How to work around Vercel's 4kb environment restriction
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June 27th, 2022

At Layer3 we run our whole platform in a full-stack beautifully orchestrated environment on Vercel. All server-side and client-side code is written in TypeScript and share many of the modules and types.

Everything was going well, until one day…

Vercel has a 4kb environment variable limit. It is caused by the underlying AWS Lambda infrastructure, but whereas AWS has some solutions for proper secret management, Vercel basically says you need to roll your own.

At this time, there are so many pros of being on a platform like Vercel, and we save so much time by not having to set up complex cloud infrastructure on AWS.

So we decided to fix this.

Our solution focused on two things:

  • Secure management and deployment of secrets in preview and production
  • Keep the excellent dev experience of pulling development keys to local environments

Check out the example repository here: larskarbo/next-env-encrypt-decrypt

Meet Doppler — an environment manager

Doppler is a service that specializes on environment variable management. It sounded perfect for our usecase, they even have a Vercel integration!

However, we quickly realized that even though Doppler has a Vercel integration, it doesn’t help the 4kb problem at all. It actually just — kind of contributes to it... By adding more DOPPLER_ variables.

However, the Doppler interface and API is amazing, and we figured it we could make a working solution with some hacking.

Fetching secrets from Doppler instead of Vercel

Once you add all your environment variables on Doppler instead of Vercel, you can work around the 4kb restriction pretty easily by fetching secrets from Doppler instead of Vercel.

The only environment variable you need on Vercel is a Doppler token. The easiest way to add tokens for development, preview and production is to have both Vercel CLI and Doppler CLI installed and generate three different keys from the terminal:

echo -n "$(doppler configs tokens create vercel-gitops --config dev --plain)" | vercel env add DOPPLER_TOKEN development
echo -n "$(doppler configs tokens create vercel-gitops --config stg --plain)" | vercel env add DOPPLER_TOKEN preview
echo -n "$(doppler configs tokens create vercel-gitops --config prd --plain)" | vercel env add DOPPLER_TOKEN production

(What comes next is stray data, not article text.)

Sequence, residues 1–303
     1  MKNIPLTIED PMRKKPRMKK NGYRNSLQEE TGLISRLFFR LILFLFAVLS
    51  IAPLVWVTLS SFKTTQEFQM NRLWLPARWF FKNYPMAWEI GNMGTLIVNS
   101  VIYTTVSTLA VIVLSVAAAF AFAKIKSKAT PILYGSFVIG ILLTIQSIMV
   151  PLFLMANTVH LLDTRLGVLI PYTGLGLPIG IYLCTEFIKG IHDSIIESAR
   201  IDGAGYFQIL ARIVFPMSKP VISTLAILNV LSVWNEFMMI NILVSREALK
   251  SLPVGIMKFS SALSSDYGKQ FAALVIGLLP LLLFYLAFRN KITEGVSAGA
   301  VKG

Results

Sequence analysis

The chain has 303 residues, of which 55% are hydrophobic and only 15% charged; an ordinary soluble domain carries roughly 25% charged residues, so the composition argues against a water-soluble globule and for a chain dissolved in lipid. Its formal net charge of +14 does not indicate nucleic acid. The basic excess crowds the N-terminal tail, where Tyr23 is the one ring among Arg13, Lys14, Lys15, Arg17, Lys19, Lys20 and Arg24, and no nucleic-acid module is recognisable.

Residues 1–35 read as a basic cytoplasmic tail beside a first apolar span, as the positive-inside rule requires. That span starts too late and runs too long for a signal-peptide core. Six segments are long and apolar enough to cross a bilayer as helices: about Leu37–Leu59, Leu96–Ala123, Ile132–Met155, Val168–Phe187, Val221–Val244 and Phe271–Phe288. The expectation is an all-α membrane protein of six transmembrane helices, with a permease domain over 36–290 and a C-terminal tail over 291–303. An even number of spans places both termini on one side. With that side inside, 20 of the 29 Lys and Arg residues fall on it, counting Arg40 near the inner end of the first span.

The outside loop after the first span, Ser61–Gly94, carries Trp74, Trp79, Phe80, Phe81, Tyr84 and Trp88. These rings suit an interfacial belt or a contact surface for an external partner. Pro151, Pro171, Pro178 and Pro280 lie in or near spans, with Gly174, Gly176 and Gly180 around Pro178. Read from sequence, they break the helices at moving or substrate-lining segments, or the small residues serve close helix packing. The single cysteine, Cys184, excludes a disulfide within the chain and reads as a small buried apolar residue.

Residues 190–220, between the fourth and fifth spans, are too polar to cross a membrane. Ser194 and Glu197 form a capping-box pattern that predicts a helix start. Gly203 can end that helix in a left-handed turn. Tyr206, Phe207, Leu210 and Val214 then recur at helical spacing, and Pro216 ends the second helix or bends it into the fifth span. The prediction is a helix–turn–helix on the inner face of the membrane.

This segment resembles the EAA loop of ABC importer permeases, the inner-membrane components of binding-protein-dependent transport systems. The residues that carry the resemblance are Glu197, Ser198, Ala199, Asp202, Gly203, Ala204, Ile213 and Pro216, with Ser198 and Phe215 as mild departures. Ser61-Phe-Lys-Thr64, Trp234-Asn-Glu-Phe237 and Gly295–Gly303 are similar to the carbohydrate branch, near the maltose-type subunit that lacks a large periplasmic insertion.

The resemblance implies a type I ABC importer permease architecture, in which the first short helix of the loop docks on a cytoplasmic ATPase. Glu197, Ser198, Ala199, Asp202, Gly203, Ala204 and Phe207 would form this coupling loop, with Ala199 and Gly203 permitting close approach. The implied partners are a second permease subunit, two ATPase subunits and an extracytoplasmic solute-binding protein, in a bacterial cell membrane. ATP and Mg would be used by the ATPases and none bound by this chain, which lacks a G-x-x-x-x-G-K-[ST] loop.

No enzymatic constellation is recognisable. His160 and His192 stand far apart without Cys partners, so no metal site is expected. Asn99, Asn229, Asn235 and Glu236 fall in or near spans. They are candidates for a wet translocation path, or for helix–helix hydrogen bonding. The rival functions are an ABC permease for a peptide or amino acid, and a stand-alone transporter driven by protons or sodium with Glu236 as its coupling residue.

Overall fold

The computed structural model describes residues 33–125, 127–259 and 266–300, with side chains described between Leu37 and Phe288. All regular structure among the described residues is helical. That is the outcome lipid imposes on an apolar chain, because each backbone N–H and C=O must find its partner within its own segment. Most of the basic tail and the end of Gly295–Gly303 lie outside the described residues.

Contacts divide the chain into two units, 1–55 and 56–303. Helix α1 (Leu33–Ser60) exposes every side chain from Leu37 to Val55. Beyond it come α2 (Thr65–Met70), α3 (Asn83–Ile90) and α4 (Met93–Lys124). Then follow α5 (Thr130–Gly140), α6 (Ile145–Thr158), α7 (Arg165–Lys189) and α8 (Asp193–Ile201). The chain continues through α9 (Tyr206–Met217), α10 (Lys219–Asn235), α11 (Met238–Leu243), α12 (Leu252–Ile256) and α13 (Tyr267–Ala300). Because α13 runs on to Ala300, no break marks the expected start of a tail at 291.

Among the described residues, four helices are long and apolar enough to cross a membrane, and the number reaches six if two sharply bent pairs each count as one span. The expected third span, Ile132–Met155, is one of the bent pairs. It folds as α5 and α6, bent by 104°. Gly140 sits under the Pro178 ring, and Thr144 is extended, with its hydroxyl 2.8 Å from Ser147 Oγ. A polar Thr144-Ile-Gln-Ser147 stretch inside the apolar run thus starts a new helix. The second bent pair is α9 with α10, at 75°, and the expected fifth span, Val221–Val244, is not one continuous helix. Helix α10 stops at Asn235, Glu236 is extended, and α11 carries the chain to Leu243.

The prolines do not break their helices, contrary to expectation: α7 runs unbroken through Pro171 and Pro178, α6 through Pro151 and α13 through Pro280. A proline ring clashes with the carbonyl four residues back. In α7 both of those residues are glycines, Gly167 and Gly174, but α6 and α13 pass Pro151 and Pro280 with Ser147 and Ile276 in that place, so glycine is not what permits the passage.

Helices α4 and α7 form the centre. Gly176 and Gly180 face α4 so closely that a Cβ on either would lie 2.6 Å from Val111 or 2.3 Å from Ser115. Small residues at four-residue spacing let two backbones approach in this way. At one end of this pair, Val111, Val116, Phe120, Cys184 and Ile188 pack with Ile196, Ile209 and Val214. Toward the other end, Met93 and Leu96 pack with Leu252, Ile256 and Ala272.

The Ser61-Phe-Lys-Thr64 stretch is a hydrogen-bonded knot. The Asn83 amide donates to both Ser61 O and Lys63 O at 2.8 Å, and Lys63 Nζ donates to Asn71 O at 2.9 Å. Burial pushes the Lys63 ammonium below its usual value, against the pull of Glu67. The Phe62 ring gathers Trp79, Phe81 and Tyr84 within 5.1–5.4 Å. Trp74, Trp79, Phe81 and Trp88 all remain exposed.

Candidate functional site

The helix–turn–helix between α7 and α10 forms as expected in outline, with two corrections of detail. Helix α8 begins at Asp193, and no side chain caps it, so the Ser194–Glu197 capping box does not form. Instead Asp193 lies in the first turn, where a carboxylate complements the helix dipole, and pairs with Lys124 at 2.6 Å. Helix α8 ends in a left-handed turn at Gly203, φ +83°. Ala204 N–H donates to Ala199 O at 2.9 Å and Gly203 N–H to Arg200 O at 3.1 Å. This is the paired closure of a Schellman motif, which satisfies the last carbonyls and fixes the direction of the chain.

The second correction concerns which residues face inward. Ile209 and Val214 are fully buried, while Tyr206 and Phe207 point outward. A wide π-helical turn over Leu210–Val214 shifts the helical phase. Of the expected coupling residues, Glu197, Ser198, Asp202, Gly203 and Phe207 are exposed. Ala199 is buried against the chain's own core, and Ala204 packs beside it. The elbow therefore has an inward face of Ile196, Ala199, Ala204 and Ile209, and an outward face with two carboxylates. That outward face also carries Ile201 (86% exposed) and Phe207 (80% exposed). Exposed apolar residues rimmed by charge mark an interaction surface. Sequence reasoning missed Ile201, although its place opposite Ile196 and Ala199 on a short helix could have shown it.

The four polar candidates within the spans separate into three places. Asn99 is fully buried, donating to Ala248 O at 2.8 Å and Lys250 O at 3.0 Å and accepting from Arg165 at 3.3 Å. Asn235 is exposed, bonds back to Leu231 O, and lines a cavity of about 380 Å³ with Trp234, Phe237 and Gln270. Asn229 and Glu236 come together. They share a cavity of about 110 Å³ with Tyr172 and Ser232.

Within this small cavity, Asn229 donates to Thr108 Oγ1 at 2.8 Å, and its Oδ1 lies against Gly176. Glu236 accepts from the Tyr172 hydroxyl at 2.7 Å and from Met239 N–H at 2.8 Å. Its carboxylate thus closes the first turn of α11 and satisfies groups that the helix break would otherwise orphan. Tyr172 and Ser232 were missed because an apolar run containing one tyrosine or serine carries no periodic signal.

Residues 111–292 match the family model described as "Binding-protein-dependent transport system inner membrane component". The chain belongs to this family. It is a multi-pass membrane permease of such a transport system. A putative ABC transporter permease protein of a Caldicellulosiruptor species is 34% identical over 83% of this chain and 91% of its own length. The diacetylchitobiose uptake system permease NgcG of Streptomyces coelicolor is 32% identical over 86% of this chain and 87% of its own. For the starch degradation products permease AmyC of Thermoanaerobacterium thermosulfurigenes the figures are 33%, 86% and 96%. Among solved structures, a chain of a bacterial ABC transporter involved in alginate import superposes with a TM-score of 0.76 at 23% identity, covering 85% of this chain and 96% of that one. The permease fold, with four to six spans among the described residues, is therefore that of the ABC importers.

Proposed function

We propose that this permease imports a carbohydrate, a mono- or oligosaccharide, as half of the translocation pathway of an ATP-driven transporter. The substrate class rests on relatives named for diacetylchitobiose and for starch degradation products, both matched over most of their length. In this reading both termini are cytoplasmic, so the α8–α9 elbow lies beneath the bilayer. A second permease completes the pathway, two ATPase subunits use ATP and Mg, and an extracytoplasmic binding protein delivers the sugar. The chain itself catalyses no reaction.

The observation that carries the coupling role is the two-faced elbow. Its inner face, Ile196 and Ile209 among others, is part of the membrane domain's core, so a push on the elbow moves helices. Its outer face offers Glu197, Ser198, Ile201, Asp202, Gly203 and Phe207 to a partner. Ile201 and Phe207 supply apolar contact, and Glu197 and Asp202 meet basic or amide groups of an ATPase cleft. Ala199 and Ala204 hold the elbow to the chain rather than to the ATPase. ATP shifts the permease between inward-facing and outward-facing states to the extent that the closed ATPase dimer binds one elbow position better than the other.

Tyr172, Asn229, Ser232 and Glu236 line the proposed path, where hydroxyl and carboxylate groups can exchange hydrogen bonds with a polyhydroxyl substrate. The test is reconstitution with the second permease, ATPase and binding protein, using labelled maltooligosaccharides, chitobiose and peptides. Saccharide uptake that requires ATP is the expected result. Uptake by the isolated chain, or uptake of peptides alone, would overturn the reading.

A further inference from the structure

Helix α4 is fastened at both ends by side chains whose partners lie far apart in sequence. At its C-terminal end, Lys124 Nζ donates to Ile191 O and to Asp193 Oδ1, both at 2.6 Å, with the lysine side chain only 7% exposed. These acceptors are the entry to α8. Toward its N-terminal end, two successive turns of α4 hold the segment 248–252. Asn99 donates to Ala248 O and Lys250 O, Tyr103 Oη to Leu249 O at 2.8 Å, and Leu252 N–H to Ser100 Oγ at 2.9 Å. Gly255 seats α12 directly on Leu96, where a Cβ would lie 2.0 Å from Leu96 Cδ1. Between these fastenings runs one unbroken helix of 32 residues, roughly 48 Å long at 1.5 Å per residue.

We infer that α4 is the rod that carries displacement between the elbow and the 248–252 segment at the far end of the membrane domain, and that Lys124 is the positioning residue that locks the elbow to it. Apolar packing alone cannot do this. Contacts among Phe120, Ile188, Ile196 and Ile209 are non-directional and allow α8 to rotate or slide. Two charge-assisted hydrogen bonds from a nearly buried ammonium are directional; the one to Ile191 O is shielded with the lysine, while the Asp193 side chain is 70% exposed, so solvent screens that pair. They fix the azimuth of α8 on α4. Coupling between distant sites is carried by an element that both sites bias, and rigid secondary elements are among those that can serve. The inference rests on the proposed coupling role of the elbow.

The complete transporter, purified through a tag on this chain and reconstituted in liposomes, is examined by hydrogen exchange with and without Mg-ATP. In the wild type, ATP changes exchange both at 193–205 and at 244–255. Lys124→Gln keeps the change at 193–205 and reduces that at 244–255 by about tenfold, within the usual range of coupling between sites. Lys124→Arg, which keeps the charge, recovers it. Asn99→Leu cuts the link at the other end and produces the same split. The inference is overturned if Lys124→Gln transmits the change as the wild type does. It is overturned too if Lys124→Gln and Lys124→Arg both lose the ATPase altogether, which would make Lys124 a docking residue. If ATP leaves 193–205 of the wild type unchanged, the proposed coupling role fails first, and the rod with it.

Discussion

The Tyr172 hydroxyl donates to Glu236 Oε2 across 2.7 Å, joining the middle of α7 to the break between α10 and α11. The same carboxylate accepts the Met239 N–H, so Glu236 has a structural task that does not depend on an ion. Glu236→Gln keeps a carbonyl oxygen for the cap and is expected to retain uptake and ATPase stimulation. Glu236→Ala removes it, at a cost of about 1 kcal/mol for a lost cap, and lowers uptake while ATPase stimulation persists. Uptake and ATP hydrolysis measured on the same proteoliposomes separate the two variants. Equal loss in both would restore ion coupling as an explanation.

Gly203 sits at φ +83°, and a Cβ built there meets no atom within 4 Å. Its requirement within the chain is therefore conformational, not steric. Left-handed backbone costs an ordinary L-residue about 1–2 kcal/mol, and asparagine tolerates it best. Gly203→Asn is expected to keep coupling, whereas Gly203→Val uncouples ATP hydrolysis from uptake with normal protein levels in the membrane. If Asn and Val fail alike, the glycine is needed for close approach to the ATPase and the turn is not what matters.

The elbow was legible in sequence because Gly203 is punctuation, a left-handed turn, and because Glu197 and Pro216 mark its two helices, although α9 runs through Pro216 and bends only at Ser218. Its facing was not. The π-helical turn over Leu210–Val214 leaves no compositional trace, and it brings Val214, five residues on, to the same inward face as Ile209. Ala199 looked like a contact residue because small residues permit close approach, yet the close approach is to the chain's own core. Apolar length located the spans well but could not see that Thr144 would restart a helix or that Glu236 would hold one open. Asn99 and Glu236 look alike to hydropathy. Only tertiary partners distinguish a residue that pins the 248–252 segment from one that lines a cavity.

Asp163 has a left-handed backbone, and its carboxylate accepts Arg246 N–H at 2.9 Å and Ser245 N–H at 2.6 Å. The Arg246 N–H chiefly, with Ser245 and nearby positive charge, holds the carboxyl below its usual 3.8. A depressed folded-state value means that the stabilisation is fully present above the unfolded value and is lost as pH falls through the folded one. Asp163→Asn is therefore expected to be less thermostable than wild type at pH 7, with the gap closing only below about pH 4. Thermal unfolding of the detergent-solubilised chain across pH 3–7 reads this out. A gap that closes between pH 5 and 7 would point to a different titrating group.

We’ll then make a script fetchSecrets.ts that fetches these variables at build time and writes them to .env.

import fs from "fs/promises";
import secrets from "@larskarbo/gitops-secrets";

async function main() {
  const payload = await secrets.providers.doppler.fetch();

  let envFile = "";

  Object.entries({
    ...payload,
  }).forEach(([key, value]) => {
    envFile += `${key}=${value}\n`;
  });

  envFile += `DOPPLER_TOKEN=${process.env.DOPPLER_TOKEN}\n`;

  await fs.writeFile(".env", envFile);
}

void main();

Changes in package.json:

"scripts": {
	...
	"build": "npm run fetch-secrets && nextjs build",
	"fetch-secrets": "ts-node fetchSecrets.ts"
}

Yes, that's all you need.

In development, you’ll simply run npm run fetch-env. This flow doesn’t add a lot of moving parts and it feels very similar to the vercel env pull workflow.

Taking it a step further with encrypted secrets

Now that we are rolling our own secrets management, why not take it a step further and improve the security?

The current environment variable setup can be a security risk. A rogue npm package could dump all the freely available process.env variables and send it to a remote server. And remember, this could be the dependency of one of your dependencies too. Most npm apps have a boatload of dependencies when you look at the dependency tree, so the surface risk area might be bigger than you think.

Our goal will be to create a system where:

  • Secrets are always encrypted, both in transit and at rest.